6. 6. Experience Insight Impact Presidential Power Limits A recent NY Times article by Neil Irwin has several additional nuggets of wisdom: • “Presidential economic records are highly dependent on dumb luck where the nation is in the economic cycle.” He points out that the President has “no control over the demographic and technological forces that influence the economy.” • He continues, “Even in areas where the president really does have power to shape the economy — appointing Federal Reserve governors, steering fiscal and regulatory policy, responding to crises and external shocks — the relationship between presidential action and economic outcome is often uncertain and hard to prove.” • Fiscal Policy requires Congress. “Presidents can set direction, but not steer the ship themselves.” • Timeframe is important. Irwin argues several examples, “The downsides of regulating banks poorly might show up as a crisis a decade down the road. The benefits of better infrastructure will tend to show up over many years. The payoffs of well-designed education policies come to fruition as young people enter the labor market with better skills years later.” Irwin concludes: “None of this means that presidents can’t do a lot to make the United States economy more dynamic and productive. It’s just that doing so could take a great while. It’s hard to prove that this or that policy was the source of the good times. In the short run, all those other factors have a more direct, measurable effect in shaping whether a moment in political history produces an economy we remember fondly.” 6
  7. 7. Experience Insight Impact Tax Reform is Critical While the nature and amounts of tax reform are highly uncertain, the wide expectation is that this could be a crucial step for future earnings growth. According to Barclays, tax reform on its own could add 15%+ to S&P 500 earnings. A wide range of companies will likely receive at least some benefit from broad tax reform. 7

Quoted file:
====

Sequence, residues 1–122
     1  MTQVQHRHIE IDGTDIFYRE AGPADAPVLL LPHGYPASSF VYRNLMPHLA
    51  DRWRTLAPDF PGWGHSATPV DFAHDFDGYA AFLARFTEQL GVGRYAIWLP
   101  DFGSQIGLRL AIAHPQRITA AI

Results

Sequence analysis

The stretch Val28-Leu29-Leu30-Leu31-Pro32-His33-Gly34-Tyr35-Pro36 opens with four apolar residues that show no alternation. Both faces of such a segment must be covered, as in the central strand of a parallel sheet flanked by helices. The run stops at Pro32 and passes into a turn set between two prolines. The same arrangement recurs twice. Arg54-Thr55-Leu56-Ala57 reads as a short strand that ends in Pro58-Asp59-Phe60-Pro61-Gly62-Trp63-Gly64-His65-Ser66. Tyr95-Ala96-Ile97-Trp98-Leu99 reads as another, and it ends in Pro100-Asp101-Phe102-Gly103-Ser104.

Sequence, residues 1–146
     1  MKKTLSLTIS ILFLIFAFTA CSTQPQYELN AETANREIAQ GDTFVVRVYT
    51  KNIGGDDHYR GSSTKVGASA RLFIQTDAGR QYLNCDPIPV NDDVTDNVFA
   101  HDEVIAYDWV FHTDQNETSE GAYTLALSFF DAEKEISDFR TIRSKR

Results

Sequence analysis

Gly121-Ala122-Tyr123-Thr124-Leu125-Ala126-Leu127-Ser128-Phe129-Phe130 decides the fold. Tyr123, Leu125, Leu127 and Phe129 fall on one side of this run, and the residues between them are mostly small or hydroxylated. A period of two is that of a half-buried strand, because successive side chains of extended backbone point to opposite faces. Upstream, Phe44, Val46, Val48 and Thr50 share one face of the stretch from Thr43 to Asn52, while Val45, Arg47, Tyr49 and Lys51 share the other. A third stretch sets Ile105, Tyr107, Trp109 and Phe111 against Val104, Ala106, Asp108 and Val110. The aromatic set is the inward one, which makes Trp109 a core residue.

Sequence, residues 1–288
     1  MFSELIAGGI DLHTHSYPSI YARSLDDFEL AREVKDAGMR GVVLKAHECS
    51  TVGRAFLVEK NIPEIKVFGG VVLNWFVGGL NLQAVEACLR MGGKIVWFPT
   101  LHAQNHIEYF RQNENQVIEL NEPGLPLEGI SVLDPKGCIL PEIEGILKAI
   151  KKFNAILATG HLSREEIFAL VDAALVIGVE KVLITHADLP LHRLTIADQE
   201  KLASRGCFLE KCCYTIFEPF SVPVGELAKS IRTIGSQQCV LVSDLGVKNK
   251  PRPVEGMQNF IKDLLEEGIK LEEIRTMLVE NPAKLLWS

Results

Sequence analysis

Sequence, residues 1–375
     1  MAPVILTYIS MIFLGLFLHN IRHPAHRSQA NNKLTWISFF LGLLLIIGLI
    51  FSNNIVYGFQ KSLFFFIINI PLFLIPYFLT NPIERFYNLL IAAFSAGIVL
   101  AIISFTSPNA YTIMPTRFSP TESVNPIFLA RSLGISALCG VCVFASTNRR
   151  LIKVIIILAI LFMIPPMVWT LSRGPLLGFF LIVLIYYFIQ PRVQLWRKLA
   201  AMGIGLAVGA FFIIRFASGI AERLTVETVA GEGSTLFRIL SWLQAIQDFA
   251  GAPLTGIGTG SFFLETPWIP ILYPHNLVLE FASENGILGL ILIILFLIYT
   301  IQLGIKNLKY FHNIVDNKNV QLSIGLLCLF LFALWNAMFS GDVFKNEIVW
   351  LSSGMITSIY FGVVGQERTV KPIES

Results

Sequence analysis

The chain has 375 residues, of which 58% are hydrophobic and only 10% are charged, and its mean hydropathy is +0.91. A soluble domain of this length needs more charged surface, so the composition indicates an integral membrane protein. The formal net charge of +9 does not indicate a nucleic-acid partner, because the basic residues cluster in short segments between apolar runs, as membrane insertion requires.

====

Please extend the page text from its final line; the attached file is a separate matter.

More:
8. 8. Market Perspective – January 2017 Experience Insight Impact Conclusion: With a new change in leadership, it is important to maintain a proper perspective. While there are potentially growth-enhancing measures that market participants have assumed, the implementation and affects will likely take time to impact our economy. Over the upcoming months, we will monitor the policy moves that may shape the long-term growth prospects, which may in turn affect global markets. 8
  9. 9. Experience Insight Impact Disclaimer Opinions expressed in this commentary may change as conditions warrant and is for informational purposes only. Information contained herein is not intended to be personal investment advice for any specific person for any particular purpose. We utilize information sources that we believe to be reliable but cannot guarantee the accuracy of those sources. Past performance is no guarantee of future performance; investing involves risk and may result in loss of capital. Consider seeking advice from a professional before implementing any investing strategy. 9